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BUBKES

Creepy crawlies and heebie-jeebies

By Lauren Shapiro


I’m not entirely sure exactly what just happened. It went something like this:

My three-year-old screamed for me from her bed. I leapt up, ready to tackle a sabre-toothed tiger, and sprung into her room, where the nightlight cast a warm glow on the benign outlines of her bed, chair and doll’s house. Her curly golden tresses glimmered like a halo.

“What is it, darling?” I asked, furtively casting my eyes around the room for hiding bogeymen.

Aviva pulled her Hello Kitty duvet cover up past her chin. In a small voice, she answered, “There’s a cockroach in my bathroom.”

Ah. This was a problem, you see, because I have a severe phobia of cockroaches. Not a mild terror or dread, but a proper blood-wringing, mouth-frothing, toenail-curling, bile-inducing phobia. This is strange, considering that I find rats pretty cute and have been known to rescue my husband from the odd snake. Rationally, I understand that animals like those can actually hurt me, while a roach is perfectly harmless; it makes far more sense to be afraid of rats and snakes than it does to be terrified of cockroaches. Yet still, just the thought of those creepy brown feelers and flickery legs makes me want to run shrieking into the street.

But I couldn’t do that now, clearly, because I had to set an example for my daughter. I have no idea where my fear originates, but I am determined not to pass it on to my kids. Fortunately, my university Drama credit kicked into play (and my folks said it wouldn’t help me advance in life. Ha!). I trepidated to the door of the bathroom, cleared my throat and said in what I hoped was a firm, yet kindly, voice: “Cockroach, stay in the bathroom and don’t bother Vivi. Okay?” Then I paused a moment, grappling for my next move, before turning back to Vivi, and saying, “She says okay.” She? Seriously? I thought to myself.

“Did you know that the cockroach is a girl?” I continued. The blonde locks above the Hello Kitty horizon shook slowly. “Well, she is. Do you know what her name is?” I enquired. More shaking of fair ringlets, but this time her eyes shone with some interest, and the duvet dropped to her lap.

“Her name is Sylvia,” I pronounced. Where am I getting this stuff? I thought. “Say, ‘goodnight, Sylvia’.”

“Goodnight, Sylvia,” Aviva responded, politely. I moved over to the bed, kissed her head, wished her sweet dreams and walked out the room.

And that was the end of that. For now, at least. Meanwhile, I find myself sitting at my computer wondering what on earth just happened (but ever so appreciative that I have something to write about for my column deadline tomorrow morning).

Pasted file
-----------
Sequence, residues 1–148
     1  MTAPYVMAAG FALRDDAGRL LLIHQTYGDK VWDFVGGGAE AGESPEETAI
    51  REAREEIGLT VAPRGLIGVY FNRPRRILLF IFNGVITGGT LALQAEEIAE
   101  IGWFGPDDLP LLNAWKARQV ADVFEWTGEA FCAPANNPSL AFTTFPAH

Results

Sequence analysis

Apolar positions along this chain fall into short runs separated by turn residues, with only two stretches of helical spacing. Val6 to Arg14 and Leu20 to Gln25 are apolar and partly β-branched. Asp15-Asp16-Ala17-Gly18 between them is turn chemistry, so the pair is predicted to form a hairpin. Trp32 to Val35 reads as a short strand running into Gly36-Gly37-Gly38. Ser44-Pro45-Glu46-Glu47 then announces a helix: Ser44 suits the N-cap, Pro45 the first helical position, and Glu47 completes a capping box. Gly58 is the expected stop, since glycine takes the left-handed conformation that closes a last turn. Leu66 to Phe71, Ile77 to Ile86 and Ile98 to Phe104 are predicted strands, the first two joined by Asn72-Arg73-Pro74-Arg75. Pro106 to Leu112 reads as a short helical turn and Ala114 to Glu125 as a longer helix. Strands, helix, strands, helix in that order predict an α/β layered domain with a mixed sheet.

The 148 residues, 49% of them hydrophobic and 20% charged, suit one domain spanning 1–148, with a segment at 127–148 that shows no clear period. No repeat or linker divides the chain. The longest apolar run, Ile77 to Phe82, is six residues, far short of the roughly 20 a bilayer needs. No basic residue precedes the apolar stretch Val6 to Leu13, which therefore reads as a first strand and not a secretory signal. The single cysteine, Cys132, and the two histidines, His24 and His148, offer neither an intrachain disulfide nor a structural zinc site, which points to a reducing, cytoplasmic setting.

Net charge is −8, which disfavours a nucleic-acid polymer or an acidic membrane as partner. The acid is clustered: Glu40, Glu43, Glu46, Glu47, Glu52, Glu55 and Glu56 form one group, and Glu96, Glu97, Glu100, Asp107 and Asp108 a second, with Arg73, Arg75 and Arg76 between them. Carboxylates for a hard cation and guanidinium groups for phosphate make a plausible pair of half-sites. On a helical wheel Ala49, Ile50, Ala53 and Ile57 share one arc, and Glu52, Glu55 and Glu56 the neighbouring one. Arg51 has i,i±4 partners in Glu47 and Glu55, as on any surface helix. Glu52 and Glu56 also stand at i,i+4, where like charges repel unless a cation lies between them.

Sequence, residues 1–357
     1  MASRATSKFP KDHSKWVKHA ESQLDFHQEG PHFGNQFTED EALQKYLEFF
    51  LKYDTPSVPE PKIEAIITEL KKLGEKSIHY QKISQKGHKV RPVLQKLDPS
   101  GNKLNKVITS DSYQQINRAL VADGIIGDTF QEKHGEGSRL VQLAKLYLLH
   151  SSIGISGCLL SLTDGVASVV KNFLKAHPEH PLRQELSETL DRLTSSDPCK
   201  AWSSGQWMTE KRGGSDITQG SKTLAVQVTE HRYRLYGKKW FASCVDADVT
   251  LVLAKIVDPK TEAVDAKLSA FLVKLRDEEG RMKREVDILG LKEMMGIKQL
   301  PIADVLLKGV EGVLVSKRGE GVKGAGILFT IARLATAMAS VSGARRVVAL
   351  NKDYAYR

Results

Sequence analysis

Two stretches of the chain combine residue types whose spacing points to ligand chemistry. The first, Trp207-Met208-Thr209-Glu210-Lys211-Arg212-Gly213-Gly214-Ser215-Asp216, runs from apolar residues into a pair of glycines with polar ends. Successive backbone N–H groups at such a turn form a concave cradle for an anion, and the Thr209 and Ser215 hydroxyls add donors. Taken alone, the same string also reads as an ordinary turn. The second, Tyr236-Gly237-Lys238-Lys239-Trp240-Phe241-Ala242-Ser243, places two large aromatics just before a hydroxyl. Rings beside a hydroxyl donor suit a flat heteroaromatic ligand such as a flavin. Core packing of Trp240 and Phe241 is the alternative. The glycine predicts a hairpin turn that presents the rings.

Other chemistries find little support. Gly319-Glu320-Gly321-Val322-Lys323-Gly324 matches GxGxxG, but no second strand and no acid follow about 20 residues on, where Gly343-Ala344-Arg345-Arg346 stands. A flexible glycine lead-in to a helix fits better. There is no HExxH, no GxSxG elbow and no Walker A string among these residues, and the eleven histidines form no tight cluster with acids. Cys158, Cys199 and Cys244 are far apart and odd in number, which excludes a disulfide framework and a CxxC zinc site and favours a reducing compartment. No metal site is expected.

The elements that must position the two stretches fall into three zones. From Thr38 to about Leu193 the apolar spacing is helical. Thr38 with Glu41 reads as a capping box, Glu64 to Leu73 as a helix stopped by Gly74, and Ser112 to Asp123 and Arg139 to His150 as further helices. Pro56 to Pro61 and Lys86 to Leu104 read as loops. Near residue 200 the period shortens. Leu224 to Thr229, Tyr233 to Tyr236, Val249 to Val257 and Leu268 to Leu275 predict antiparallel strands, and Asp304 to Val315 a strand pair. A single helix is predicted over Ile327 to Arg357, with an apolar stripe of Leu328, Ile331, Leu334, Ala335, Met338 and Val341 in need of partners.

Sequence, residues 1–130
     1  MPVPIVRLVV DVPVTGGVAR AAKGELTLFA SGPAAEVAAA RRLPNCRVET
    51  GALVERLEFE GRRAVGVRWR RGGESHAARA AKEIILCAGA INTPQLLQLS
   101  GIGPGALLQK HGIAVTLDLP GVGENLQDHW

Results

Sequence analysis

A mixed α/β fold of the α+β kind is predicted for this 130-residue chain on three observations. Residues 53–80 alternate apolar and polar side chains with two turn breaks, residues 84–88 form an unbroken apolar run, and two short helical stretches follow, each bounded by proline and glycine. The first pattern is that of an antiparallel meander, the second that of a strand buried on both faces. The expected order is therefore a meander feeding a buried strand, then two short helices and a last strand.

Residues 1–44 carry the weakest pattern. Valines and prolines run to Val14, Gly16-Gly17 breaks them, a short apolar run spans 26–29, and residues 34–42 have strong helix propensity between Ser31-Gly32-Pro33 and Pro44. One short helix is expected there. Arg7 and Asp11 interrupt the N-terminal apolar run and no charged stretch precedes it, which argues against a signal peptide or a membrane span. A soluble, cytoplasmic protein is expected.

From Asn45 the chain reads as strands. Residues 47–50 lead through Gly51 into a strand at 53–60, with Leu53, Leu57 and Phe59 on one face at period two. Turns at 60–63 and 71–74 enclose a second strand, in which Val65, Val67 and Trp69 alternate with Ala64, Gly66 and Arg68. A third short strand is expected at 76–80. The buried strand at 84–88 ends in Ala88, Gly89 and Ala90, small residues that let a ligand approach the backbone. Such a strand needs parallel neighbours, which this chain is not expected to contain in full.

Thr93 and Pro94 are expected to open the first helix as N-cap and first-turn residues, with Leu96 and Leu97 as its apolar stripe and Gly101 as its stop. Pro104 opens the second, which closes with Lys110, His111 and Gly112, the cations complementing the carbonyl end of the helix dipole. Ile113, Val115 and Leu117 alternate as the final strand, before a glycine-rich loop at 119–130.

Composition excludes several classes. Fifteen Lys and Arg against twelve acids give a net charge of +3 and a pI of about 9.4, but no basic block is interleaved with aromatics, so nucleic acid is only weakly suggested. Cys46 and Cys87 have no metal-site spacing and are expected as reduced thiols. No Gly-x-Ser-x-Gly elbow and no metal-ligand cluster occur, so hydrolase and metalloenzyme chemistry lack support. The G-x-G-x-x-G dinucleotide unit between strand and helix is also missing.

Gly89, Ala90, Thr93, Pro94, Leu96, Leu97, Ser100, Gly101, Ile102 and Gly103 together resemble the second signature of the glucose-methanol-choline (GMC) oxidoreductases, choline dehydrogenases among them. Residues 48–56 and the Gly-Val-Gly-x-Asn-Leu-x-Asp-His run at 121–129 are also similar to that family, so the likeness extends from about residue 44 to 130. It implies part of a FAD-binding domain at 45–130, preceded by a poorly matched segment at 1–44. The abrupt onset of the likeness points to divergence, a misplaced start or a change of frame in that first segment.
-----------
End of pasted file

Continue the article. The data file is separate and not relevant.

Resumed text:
Sylvia. Huh. Who knew? I have no idea where that came from, but I think I am beginning to develop a theory as to why it came. Groundless fear is based in mystery: we fear that which we do not know. Once we give something a name, however, we can relate to it on a more human level. This applies whether it’s a cockroach you’re afraid of, or foreigners, or another person’s customs. We need to confront our fears, to get to know them, to truly overcome them. This is the only path to love and peace.

Our scriptures teach us to fear nothing but Hashem. Nineteenthcentury Rabbi Meir Leibush (Malbim) explains that a more powerful fear extinguishes a lesser fear (so if you’re pursued by an angry lion, you won’t worry about a bee that might sting you). Similarly, fearing Hashem trumps earthly fears. Yirat Shamayim (fear of heaven) can empower us by eliminating other paralyzing paranoias.

In preparing the Children of Israel to enter the Promised Land, Moshe counsels not to fear the numerous nations they will have to face (Deut 7:18). He reminds them of the miracles Hashem wrought in redeeming us from slavery in Egypt, and promises similar spectacles – interestingly including a swarm of hornets – to protect His children (the Torah doesn’t mention cockroaches).

But even in Egypt, when Hashem performed such mighty deeds, this was
a last resort. Before each plague, Moshe approached Pharaoh and spoke to him, man-to-man. “Let my people go,” he pleaded. Only when Pharaoh refused to negotiate, did the afflictions begin. Back to the context of the Promised Land, despite Hashem’s assurances of divine assistance, we are still obliged to “call out for peace” before waging war on other cities (Deut 20:10).

I’m a firm believer in respecting all of Hashem’s creations. I’ll always pick talking over fighting with humans, and when it comes to other creatures my approach is similar. If I’m being charged by a raging buffalo (or mosquito), I’ll act in self-defence, but I won’t hurt something that poses me no harm. Unfortunately, roaches fall into this category. When the kids aren’t around, I make Warren catch them with a cup and a magazine and escort the moutside. But in front of the children, I won’t display my heebie-jeebies. I don’t want them to absorb baseless fears. So I had to look that roach square in the – er – bathroom doorway and show my kids that he (sorry, she) has as much right to live on God’s earth as we do. And if a spot of personification helps us to see to the heart of the matter (or the cockroach), then so be it.

Perhaps Hashem was giving me an opportunity to conquer my own fears and grow from the experience. Maybe He was using me to bestow the gift of understanding on my daughter. It could be He was just sending me column fodder. Whichever way, I’m grateful. Now, it’s way past my bedtime, so if you will excuse me I will wish you all – and Sylvia – a good night. Until next time.

"We need to confront our fears, to get to know them, to truly overcome them."